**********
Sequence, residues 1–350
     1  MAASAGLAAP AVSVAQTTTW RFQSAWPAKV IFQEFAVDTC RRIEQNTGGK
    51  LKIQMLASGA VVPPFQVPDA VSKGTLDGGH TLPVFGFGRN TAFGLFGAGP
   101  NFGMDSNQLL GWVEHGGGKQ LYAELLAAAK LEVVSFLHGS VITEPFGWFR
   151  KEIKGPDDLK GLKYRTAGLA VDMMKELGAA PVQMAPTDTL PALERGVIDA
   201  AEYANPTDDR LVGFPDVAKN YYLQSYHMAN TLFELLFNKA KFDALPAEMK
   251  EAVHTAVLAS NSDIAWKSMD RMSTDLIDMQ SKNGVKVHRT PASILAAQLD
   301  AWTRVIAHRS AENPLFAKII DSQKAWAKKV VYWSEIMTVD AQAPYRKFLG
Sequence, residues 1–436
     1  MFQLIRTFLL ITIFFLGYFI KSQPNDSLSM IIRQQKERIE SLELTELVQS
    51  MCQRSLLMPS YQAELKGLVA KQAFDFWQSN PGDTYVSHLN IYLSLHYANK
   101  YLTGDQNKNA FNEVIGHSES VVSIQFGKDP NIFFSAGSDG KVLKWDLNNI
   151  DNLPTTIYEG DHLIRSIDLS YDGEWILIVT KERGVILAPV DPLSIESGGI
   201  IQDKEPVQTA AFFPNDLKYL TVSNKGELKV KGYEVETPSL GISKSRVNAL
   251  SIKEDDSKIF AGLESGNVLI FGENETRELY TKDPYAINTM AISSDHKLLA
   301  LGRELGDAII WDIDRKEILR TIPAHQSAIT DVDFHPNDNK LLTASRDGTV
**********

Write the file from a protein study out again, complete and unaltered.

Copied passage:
Sequence, residues 1–350
     1  MAASAGLAAP AVSVAQTTTW RFQSAWPAKV IFQEFAVDTC RRIEQNTGGK
    51  LKIQMLASGA VVPPFQVPDA VSKGTLDGGH TLPVFGFGRN TAFGLFGAGP
   101  NFGMDSNQLL GWVEHGGGKQ LYAELLAAAK LEVVSFLHGS VITEPFGWFR
   151  KEIKGPDDLK GLKYRTAGLA VDMMKELGAA PVQMAPTDTL PALERGVIDA
   201  AEYANPTDDR LVGFPDVAKN YYLQSYHMAN TLFELLFNKA KFDALPAEMK
   251  EAVHTAVLAS NSDIAWKSMD RMSTDLIDMQ SKNGVKVHRT PASILAAQLD
   301  AWTRVIAHRS AENPLFAKII DSQKAWAKKV VYWSEIMTVD AQAPYRKFLG
Sequence, residues 1–436
     1  MFQLIRTFLL ITIFFLGYFI KSQPNDSLSM IIRQQKERIE SLELTELVQS
    51  MCQRSLLMPS YQAELKGLVA KQAFDFWQSN PGDTYVSHLN IYLSLHYANK
   101  YLTGDQNKNA FNEVIGHSES VVSIQFGKDP NIFFSAGSDG KVLKWDLNNI
   151  DNLPTTIYEG DHLIRSIDLS YDGEWILIVT KERGVILAPV DPLSIESGGI
   201  IQDKEPVQTA AFFPNDLKYL TVSNKGELKV KGYEVETPSL GISKSRVNAL
   251  SIKEDDSKIF AGLESGNVLI FGENETRELY TKDPYAINTM AISSDHKLLA
   301  LGRELGDAII WDIDRKEILR TIPAHQSAIT DVDFHPNDNK LLTASRDGTV